Among the Spanish entries tested, the average yield and grade were 5,012 lbs/A and 62% TSMK, respectively. In Caddo County, statistical differences among entries were reported for yield, with Span17 and AT98-99 (small-seeded runner types) topping the trial at 6,359 and 5,652 lbs./A, respectively. The true Spanish-type cultivar OLé yielded 5,231 lbs/A with a grade of 65% TSMK. Overall grades were lower, averaging only 62% TSMK.

Entries in the Virginia test averaged 5,974 lbs/A with an average grade of 62% TSMK. Statistical differences were reported for yield and grade. Comrade was the top yielder at 6,549 lbs/A, but it was statistically indistinguishable from Contender at 6,252 lbs./A. Breeding lines ARSOK V1002 and ARSOK V101-1 topped the experimental line yields at 6,291 and 6,031 lbs/A, respectively. Grades were lower than in past years as in the runner and Spanish trials.

Table 5 contains Caddo County yield and grade data averaged across 2021-2022 for the Caddo and Custer County trials only. No trial was conducted in Tillman County in 2021. Average yield among runner entries for the two-year period was 5,359 lbs/A, and the average grade was 67% TSMK. Significant differences in yield were reported for runner entries over the two-year period. For Spanish entries, significant differences in yield were also reported over the two years. As expected, the small-seeded runner cultivars AT98-99 and Span17 were the top yielders, averaging 5,358 and 5,680 lbs/A. Cultivars OLé and Schubert averaged 4,801 and 4,672 lbs/A. The average yield for Virginia entries in 2021-2022 was 5,165 lbs/A, and statistical differences in yield were seen among entries. The top yielding cultivars were Contender, Jupiter and Comrade at 5,796, 5,595, and 5,439 lbs/A. Several breeding lines were not statistically different from the best performing cultivars with respect to yield, grade and seed size.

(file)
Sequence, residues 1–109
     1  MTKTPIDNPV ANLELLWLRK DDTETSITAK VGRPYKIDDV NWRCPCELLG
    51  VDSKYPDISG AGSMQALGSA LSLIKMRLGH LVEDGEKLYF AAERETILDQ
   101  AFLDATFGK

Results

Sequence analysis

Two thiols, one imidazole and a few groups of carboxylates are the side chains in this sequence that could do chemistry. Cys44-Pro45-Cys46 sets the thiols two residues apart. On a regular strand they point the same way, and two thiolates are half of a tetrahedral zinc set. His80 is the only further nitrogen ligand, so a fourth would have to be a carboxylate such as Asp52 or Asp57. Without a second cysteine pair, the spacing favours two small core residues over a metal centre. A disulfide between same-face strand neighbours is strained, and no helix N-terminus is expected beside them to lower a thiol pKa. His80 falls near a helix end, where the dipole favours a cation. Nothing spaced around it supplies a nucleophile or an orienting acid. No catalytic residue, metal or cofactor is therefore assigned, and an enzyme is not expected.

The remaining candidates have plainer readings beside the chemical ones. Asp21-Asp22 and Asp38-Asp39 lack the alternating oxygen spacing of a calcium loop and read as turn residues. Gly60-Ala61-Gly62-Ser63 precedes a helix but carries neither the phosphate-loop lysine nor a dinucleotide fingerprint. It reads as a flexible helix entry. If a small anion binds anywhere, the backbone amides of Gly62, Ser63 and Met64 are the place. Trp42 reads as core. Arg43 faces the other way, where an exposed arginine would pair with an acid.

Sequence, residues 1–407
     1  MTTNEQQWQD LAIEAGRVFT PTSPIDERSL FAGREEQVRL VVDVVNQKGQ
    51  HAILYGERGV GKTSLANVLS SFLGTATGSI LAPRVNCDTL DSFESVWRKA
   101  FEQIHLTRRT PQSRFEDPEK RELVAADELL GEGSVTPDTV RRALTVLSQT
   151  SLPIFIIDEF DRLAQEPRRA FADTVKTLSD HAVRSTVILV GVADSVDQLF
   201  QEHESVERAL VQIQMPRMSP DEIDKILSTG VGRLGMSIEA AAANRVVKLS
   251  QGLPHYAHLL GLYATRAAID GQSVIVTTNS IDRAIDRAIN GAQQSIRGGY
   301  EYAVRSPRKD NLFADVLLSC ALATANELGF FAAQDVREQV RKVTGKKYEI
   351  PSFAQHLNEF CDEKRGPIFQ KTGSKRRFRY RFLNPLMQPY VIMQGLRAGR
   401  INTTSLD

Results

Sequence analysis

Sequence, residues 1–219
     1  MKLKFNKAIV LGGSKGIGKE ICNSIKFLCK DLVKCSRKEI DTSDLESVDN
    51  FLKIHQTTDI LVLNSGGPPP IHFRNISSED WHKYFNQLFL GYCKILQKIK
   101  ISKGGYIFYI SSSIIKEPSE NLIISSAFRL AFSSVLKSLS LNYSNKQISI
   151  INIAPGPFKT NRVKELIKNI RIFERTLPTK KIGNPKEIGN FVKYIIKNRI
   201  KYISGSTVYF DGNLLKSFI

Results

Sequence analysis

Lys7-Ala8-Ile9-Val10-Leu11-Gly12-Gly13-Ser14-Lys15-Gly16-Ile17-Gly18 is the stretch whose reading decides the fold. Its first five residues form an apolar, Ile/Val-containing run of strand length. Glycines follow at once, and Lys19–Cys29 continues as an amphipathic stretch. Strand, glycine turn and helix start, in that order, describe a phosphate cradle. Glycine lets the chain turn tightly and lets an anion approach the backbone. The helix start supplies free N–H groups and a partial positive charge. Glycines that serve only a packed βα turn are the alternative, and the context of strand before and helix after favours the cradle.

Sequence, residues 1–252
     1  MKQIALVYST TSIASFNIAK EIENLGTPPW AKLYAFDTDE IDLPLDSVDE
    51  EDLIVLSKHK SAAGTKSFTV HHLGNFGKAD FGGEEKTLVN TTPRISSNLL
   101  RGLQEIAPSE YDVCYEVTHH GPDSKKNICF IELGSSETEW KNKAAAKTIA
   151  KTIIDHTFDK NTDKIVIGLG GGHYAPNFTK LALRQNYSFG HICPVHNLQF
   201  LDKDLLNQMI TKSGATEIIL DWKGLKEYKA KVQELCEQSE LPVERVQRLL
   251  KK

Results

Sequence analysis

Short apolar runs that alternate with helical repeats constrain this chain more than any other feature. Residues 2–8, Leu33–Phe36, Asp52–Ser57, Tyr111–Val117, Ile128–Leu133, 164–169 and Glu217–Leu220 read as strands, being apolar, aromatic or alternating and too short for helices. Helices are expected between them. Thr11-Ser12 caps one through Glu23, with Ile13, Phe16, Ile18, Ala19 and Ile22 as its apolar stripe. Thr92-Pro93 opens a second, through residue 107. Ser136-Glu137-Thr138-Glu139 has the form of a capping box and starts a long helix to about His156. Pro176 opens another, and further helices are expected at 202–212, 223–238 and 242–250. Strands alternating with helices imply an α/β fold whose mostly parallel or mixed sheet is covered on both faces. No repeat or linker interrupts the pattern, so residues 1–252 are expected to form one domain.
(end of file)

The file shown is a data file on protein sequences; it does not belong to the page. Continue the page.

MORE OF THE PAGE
2022 Custer County Variety Trial


Location: Thomas (Les Crall Farms)

Date Planted: May 10, 2022

Date Dug: Oct. 14, 2022

Date Threshed: Oct. 17, 2022